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01.11.2015 | Clinical Article - Vascular | Ausgabe 11/2015

Acta Neurochirurgica 11/2015

Validation of the modified Graeb score in aneurysmal subarachnoid hemorrhage

Zeitschrift:
Acta Neurochirurgica > Ausgabe 11/2015
Autoren:
Patrick Czorlich, Klaus C. Mende, Eik Vettorazzi, Jan Regelsberger, Manfred Westphal, Nils O. Schmidt
Wichtige Hinweise

Presentation at a conference

None.

Comment

Authors Czorlich et al. presented a study on comparison of two scores of intraventricular blood extension after SAH. The Graeb and modified Graeb scores (mGS) were compared, showing no major difference in prediction of mortality, severe morbidity, and shunt dependence after aneurysmal SAH. The study is based on retrospective observation of 257 patients. The methodology is clear and the results are sound. As the authors stated in their paper, external validation of recently proposed mGS is necessary due to the fact that this score is already used in clinical trials enrolling SAH patients. Studied mGS gives very detailed information about blood distribution after SAH and therefore probably has its place in academic studies. On the other hand, computation of mGS is a difficult and time-consuming procedure, which hardly finds its place in routine clinical practice, especially when its prognostic value is similar to the Graeb score, which was examined in the author’s previous paper published in Acta Neurochirurgica. Furthermore, generally accepted is the Fisher scoring system, which is perfectly suitable for routine clinical practice.
Vladimir Benes
Prague, Czech Republic
Czorlich et al. have written a report on two evaluation scores for intraventricular hemorrhage in SAH patients. In their analysis, the researchers found no statistically significant differences between the original and modified Graeb scores. The compared scores have currently little clinical significance, but research literature needs tools for comparing the extent of intraventricular hemorrhage in SAH and ICH patients. However, some attempts at developing new tools lead to more laborious methods with results equaling with the established ones.
The researchers have gathered a retrospective single-institution cohort of 150 patients with intraventricular hemorrhage during the last 5 years. It is advisable, but often quite difficult, to evaluate clinical scores in a prospective setting. Aside of this fundamental shortcoming, the paper is well constructed and the results are credible. The scores seem to perform equally well or badly in prognosticating mortality, development of chronic hydrocephalus, or bad clinical outcome.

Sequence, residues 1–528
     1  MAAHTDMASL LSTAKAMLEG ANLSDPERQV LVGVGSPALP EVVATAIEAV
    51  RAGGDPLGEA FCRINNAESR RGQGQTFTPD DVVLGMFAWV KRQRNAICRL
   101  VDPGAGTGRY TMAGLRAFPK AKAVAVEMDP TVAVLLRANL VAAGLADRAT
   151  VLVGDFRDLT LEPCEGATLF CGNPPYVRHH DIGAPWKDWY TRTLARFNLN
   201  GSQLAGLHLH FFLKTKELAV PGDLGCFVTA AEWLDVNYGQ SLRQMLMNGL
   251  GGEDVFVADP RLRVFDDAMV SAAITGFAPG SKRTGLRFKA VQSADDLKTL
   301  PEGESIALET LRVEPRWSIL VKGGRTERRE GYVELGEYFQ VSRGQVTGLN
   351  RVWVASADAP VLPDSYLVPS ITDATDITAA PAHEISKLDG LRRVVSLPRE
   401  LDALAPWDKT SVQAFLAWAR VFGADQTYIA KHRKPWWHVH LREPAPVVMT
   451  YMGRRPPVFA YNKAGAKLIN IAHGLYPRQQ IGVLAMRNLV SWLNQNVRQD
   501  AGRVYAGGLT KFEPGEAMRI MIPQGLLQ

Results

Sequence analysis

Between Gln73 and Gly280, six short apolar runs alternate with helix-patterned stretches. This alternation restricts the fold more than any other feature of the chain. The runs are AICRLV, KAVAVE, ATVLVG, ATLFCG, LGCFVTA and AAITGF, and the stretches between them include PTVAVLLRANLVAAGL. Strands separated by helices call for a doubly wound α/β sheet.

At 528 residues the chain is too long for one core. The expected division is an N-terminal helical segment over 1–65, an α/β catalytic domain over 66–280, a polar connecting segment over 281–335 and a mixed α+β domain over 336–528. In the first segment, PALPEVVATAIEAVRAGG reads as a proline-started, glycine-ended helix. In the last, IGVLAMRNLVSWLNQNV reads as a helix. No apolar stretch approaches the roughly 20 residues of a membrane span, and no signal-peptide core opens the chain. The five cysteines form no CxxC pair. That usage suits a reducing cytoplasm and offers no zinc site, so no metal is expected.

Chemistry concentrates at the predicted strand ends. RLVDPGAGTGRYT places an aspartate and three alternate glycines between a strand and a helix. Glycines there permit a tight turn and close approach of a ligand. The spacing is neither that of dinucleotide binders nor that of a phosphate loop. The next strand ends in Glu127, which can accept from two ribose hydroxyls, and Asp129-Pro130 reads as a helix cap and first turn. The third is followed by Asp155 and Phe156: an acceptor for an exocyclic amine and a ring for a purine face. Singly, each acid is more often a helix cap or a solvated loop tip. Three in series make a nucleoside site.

The original Graeb score is easier and more efficient in clinical and research-related use. Adding complexity in prognostic models seldom increases their usability, and cumbersome tools may reduce the amount of recruited patients in prognostic research projects.
Mika Niemla
Helsinki, Finland

Abstract

Background

Intraventricular hemorrhage (IVH) in patients suffering from aneurysmal subarachnoid hemorrhage (aSAH) is a known negative predictor. Scoring systems like Fisher, Le Roux, and original Graeb score (oGS) are established to quantify the volume of IVH. The aim of this study was to evaluate the validity of the recently introduced modified Graeb score (mGS) in patients with aSAH.

Methods

A retrospective analysis of the validity of the oGS and mGS in 257 aSAH patients was performed to assess and compare the predictive value of hospital mortality, development of CHC, and early functional outcome.

Results

In univariate analysis, an increase in either the oGS or mGS was associated with a higher risk for hospital mortality, development of CHC, and poor early functional outcome. The correlation of the oGS and mGS was excellent using Pearson’s product–moment (r = 0.918; p < 0.001). The predictive value of the oGS was superior to the predictive value of the mGS using receiver operating characteristics and corresponding area under the curve value as there was no statistical significant differences between the scores.

Conclusions

Our study confirms the validity of the recently introduced mGS to quantify the volume of IVH and extends its value in aSAH. However, the mGS offers no additional predictive value for hospital mortality, development of CHC, and poor early functional outcome in patients with aSAH patients compared to the less complex oGS.

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